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ACE task ADT classes

Local invocations

IPC classes

Event loop

Callbacks

Application-specific event handler functionality

ACE streams

Callbacks Event loop

Callbacks ACE reactor

Event loop

Figure 1.9: Applying Class Libraries to Develop and Use ACE Frameworks compile, relink, or restart running applications. ACE achieves this unprecedented flexibility and extensibility by combining • OS mechanisms, such as event demultiplexing, IPC, dynamic linking, multithreading, multiprocessing, and synchronization [Ste99] • C++ language features, such as templates, inheritance, and dynamic binding [Bja00] • Patterns, such as Component Configurator [POSA2], Strategy [GoF], and Handler/Callback [Ber95] The ACE frameworks provide inversion of control via callbacks, as shown below: ACE Framework Reactor and Proactor Service Configurator Task Acceptor-Connector Streams

Inversion of Control Calls back to application-supplied event handlers to perform processing when events occur synchronously and asynchronously. Calls back to application-supplied service objects to initialize, suspend, resume, and finalize them. Calls back to an application-supplied hook method to perform processing in one or more threads of control. Calls back to service handlers to initialize them after they’re connected. Calls back to initialize and finalize tasks when they are pushed and popped from a stream.

The callback methods in ACE’s framework classes are defined as C++ virtual methods. This use of dynamic binding allows networked applications to freely implement and extend interface methods without modifying or rebuilding existing framework classes. In contrast, the ACE wrapper facades rarely use callbacks or virtual methods, so they aren’t as extensible as the ACE frameworks. The ACE wrapper facades do support a broad range of use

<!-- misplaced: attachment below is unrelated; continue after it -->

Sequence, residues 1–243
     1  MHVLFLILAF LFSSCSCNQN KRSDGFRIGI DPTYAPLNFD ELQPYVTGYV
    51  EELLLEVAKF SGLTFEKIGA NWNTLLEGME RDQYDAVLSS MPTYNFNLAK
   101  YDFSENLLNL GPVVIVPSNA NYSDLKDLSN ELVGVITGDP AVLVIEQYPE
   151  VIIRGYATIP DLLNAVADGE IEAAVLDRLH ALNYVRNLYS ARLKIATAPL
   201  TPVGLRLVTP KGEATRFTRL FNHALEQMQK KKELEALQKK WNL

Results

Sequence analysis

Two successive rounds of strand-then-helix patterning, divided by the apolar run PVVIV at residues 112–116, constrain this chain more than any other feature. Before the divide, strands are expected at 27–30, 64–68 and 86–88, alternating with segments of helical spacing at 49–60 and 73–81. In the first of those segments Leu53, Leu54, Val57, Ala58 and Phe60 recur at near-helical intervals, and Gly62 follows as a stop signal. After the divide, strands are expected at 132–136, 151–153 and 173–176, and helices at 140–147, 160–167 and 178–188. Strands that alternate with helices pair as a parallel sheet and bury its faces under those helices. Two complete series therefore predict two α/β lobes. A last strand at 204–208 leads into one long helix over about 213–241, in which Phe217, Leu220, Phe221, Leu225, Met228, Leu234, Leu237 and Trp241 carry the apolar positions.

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cases, however, and can be integrated together via generic programming [Ale01] techniques based on the C++ traits and traits classes idioms outlined in Sidebar 40 (page 165). Figure 1.9 illustrates how the class libraries and frameworks in ACE are complementary technologies. The ACE toolkit simplifies the implementation of its frameworks via its class libraries of containers, which include lists, queues, hash tables, strings, and other reusable data structures. Likewise, application-defined code invoked by event handlers in the ACE Reactor framework can use the ACE wrapper facades and the C++ standard library classes [Jos99] to perform IPC, synchronization, file management, and string processing operations. Sidebar 3 describes how to build the ACE library so that you can experiment with the examples we present in this book. Sidebar 3: Building ACE and Programs that Use ACE ACE is open-source software that you can download from http://ace.ece.uci. edu or http://www.riverace.com and build yourself. These sites contain a wealth of other material on ACE, such as tutorials, technical papers, and an overview of other ACE wrapper facades and frameworks that aren’t covered in this book. You can also purchase a prebuilt version of ACE from Riverace at a nominal cost. See http://www.riverace.com for a list of the prebuilt compiler and OS platforms supported by Riverace. If you want to build ACE yourself, you should download and unpack the ACE distribution into an empty directory. The top-level directory in the distribution is named ACE_wrappers. We refer to this top-level directory as “ACE_ROOT.” You should create an environment variable by that name containing the full path to the top-level ACE directory. The ACE source and header files reside in $ACE_ROOT/ace. The $ACE_ROOT/ACE-INSTALL.html file has complete instructions for building ACE, including how to configure it for your OS and compiler. This book’s networked logging service example source and header files reside in $ACE_ROOT/examples/ C++NPv2 and are ready to build on all platforms that ACE supports. To build your own programs, the $ACE_ROOT directory must be added to your compiler’s file include path. For command-line compilers, this can be done with the -I or /I compiler option. Graphical IDEs provide similar options, such as MSVC++’s “Preprocessor, Additional include directories” section of the C/C++ tab on the Project Settings dialog box.